I may not have been born in Canada but in the last few years I’ve definitely embraced being Canadian and have set out to explore and enjoy this country way more than I did in the like first 10 years I was here prior to that. One of the things I did for the very first time last year was to check out the Ottawa Tulip Festival in Ottawa. We had such a great time and I was blown away by how cool of an event it was. We went on a rainy day so it was fairly empty and we had a great time taking pictures and walking around seeing all the variety in flowers. While it may not be as giant as the tulip festivals across Europe it’s most definitely worth checking out.
When I was putting together my bucketlist of travel goals to accomplish before turning 30 I kept coming back to how good of a time we had at the festival so one of my 30 travel goals before turning 30 was to revisit the festival and we got to last weekend! I was still impressed by the flowers so I’ve decided to put together this little guide of information with things you need to know before visiting the Ottawa Tulip Festival.
The Ottawa Tulip Festival (also known as the Canadian Tulip Festival) has been running for over 60 years. It started as a gift from the Netherlands to Canada.
On May 10, 1940 Nazi Germany invaded the Netherlands and occupied the Dutch which resulted in over 230,000 people dying. Princess Juliana (of Netherlands) arrived in Canada in June of 1940 to escape the war and brought with her her two daughters; Princess Beatrix and Princess Irene. The family rented a house in Rockcliffe Park and the younger princesses attending public school. Prince Bernard (Princess Juliana’s husband) visited often and Princess Juliana ultimately gave birth to her third daughter in Canada. A wing of the Ottawa Civic Hospital was actually de-territorialized so that the new princess would be of Dutch citizenship.
At the end of the war, Princess Juliana gifted Canada 100,000 tulip bulbs as a thank you for keeping her safe during World War II. Ever since, the Dutch Royal Family and the Dutch Bulb Growers Association have each sent 10,000 tulips to Canada every single year. The tulips made Ottawa more popular in the spring and in 1953 the Canadian Tulip Festival was created. These days, over 1 million bulbs bloom every year and over 1/2 million visitors come to Ottawa to see them. While the festival is about the tulips it’s grown to be so much more including performances, races, parades, activities for kids etc.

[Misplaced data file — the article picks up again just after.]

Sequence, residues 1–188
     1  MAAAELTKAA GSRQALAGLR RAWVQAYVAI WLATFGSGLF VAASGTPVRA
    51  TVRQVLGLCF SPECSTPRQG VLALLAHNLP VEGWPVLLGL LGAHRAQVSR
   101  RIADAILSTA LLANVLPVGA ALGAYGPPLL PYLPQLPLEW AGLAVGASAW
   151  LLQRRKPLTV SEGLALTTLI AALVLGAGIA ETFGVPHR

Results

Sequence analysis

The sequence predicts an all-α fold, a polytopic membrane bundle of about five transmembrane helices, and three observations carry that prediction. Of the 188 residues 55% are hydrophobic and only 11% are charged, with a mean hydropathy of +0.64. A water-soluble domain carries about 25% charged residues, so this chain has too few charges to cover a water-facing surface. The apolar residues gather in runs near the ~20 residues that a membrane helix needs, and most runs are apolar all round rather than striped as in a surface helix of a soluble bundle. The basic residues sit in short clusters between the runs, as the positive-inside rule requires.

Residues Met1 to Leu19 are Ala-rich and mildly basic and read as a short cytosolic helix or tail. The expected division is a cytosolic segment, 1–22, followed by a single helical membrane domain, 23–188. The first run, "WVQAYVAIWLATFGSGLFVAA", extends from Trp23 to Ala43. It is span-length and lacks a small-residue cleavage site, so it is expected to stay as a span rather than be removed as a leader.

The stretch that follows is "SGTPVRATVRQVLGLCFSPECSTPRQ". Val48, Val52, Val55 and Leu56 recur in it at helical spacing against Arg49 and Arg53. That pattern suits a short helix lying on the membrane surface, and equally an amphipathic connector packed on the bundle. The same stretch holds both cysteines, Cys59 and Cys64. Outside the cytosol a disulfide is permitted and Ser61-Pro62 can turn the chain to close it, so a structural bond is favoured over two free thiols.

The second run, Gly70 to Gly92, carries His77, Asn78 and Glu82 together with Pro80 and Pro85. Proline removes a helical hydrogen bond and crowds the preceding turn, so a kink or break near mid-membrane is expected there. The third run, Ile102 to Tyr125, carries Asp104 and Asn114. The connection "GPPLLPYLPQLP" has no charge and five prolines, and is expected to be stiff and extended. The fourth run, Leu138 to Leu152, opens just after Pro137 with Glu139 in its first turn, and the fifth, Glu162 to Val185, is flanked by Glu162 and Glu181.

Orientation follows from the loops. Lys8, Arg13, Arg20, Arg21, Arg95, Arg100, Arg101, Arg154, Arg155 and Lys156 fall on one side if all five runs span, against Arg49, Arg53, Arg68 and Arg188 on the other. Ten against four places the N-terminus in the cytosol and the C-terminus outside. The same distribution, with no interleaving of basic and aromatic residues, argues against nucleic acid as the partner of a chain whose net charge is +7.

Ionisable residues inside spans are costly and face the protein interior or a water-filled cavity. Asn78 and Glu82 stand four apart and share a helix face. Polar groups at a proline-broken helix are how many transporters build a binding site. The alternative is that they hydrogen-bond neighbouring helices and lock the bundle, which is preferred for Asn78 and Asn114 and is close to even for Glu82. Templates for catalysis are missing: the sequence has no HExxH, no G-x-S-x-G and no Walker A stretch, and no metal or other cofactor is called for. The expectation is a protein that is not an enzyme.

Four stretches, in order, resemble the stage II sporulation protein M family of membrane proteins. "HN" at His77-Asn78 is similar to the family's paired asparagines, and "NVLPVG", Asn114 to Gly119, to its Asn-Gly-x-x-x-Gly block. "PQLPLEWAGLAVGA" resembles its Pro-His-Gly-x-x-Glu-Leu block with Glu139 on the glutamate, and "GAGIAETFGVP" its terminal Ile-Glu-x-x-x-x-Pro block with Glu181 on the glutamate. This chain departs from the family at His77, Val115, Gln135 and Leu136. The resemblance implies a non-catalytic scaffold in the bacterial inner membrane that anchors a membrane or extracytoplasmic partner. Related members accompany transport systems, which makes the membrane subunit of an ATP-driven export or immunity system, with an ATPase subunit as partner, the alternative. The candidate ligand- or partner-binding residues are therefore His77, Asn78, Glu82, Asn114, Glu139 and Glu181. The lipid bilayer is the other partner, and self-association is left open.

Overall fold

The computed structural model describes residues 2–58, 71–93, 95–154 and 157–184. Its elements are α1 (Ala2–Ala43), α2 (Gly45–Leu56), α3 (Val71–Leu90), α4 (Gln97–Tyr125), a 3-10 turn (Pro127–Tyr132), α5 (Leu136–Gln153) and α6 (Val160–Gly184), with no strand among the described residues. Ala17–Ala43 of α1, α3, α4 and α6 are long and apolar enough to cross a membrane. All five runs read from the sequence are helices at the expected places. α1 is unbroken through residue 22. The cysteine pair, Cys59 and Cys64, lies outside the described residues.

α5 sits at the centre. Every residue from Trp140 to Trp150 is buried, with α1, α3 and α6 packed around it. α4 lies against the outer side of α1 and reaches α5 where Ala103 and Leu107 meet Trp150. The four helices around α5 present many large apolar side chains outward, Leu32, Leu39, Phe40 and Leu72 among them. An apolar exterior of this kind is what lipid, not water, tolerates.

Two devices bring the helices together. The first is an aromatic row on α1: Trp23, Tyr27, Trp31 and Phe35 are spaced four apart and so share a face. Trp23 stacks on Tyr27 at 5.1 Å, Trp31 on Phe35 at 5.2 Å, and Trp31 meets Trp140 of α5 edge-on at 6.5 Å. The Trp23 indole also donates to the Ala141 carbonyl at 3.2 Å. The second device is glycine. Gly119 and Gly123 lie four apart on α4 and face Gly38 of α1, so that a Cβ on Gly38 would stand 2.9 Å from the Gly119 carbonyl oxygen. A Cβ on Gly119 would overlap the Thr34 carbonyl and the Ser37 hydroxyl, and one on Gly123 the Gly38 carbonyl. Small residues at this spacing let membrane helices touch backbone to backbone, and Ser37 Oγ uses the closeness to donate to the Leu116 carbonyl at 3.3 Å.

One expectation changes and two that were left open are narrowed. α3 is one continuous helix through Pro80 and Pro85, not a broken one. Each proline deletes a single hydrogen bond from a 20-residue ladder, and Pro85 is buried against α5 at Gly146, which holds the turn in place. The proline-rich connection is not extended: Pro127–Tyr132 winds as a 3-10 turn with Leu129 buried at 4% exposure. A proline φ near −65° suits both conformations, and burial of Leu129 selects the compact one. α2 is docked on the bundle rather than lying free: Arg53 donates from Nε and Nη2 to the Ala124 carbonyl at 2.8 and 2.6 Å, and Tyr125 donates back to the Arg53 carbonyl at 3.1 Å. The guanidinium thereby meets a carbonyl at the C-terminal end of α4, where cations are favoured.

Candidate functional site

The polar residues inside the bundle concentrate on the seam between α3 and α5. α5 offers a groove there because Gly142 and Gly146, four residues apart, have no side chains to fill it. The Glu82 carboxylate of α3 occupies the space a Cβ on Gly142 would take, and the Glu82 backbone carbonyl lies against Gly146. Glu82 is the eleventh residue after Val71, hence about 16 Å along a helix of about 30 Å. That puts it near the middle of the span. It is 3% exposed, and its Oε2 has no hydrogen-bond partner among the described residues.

Where to See the Tulips
Tulips are planted pretty much all over the city so there isn’t only one place to see them. You can stroll down virtually any street in Ottawa. That being said there are a few hot spots that are extra loaded with tulips:
Commissioners Park/Dow’s Lake
If you’ve only got enough time to check out one place that should definitely be Commissioners Park. There’s dozens of tulip beds here with over 300,000 bulbs of a bunch of different varieties and colours. There’s also a ton of different vendors selling a variety of foods and drinks. Because this is one of the locations that are free it’s also by far one of the busiest locations with thousands of people flocking to it everyday of the festival. One of the really nice things in Commissioners Park has which is unique is the story of how the Ottawa Tulip Festival came to be. You’ll see a big sign (pictured below) labelled the Tulip Legacy followed by a series of smaller signs describing the history I’ve summarized up above.
Byward Market is where you’ll find the urban experience for the Tulip Festival with lots of artwork, food opportunities and photography opportunities but it isn’t as filled with actual flowers as the rest of the spots on this list.
Landsdowne Park is the one place you’ll have to pay to partake in but it’s also where most of the activities are centered. This includes musical performances, raffles, arts and crafts, film screenings and so much more.
The Garden Promenade Tulips can pretty much be found walking through any of the parks in Ottawa with beds of colourful flowers to enjoy!
- Majority of the sites are free – the exception is Landsdowne which costs $15 for a 1-day ticket
- The festival runs for 2 weeks each year and includes the long weekend in May
- There’s no real hours to most sites as they are outdoor
- There’s a ton of events going on at the same time including performances. You can see the full schedule of events for all the venues on the official website
Tips for Visiting the Ottawa Tulip Festival
- The morning is your friend. The event runs for a very short duration (like less than 2 weeks) and is extremely popular. Going really early in the morning will allow you to have a more peaceful visit and you’ll be less stressed (especially if giant crowds aren’t your thing!)
- Rainy days are actually great because the crowds are way smaller. It’s also much kinder to your camera! The sun totally distorts the colours on those super bright days
- Bring cash for all those tempting vendors that are selling everything from lemonade to poutine to icecream
- Make sure to dress appropriately – if it wears hot then sunscreen and hats are your best friend
Have you visited Tulip Festivals anywhere? Let me know in the comments and pin this post for your own visit to Ottawa’s festival!